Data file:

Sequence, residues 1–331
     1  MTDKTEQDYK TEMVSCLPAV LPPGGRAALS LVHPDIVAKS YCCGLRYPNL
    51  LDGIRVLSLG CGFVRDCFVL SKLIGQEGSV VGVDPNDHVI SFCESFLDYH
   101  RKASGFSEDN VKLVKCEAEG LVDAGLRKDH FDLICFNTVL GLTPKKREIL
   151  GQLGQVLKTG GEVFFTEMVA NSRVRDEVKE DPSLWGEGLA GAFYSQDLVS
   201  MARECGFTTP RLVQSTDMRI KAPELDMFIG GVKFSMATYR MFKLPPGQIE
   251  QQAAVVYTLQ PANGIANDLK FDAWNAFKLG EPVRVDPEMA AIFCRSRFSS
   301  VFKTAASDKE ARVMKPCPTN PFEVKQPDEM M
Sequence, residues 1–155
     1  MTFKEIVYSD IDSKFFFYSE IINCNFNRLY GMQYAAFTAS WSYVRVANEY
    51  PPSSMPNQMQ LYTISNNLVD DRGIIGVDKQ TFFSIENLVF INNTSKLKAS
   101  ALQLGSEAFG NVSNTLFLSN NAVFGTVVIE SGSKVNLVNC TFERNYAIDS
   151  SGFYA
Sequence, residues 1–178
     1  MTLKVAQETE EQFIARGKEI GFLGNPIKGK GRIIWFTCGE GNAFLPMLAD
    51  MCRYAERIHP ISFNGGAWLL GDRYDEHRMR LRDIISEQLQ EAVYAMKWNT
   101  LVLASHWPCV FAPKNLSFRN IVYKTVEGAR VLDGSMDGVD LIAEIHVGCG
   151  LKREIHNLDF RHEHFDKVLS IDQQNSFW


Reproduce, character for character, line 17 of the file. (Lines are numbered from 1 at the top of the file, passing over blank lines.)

   101  LVLASHWPCV FAPKNLSFRN IVYKTVEGAR VLDGSMDGVD LIAEIHVGCG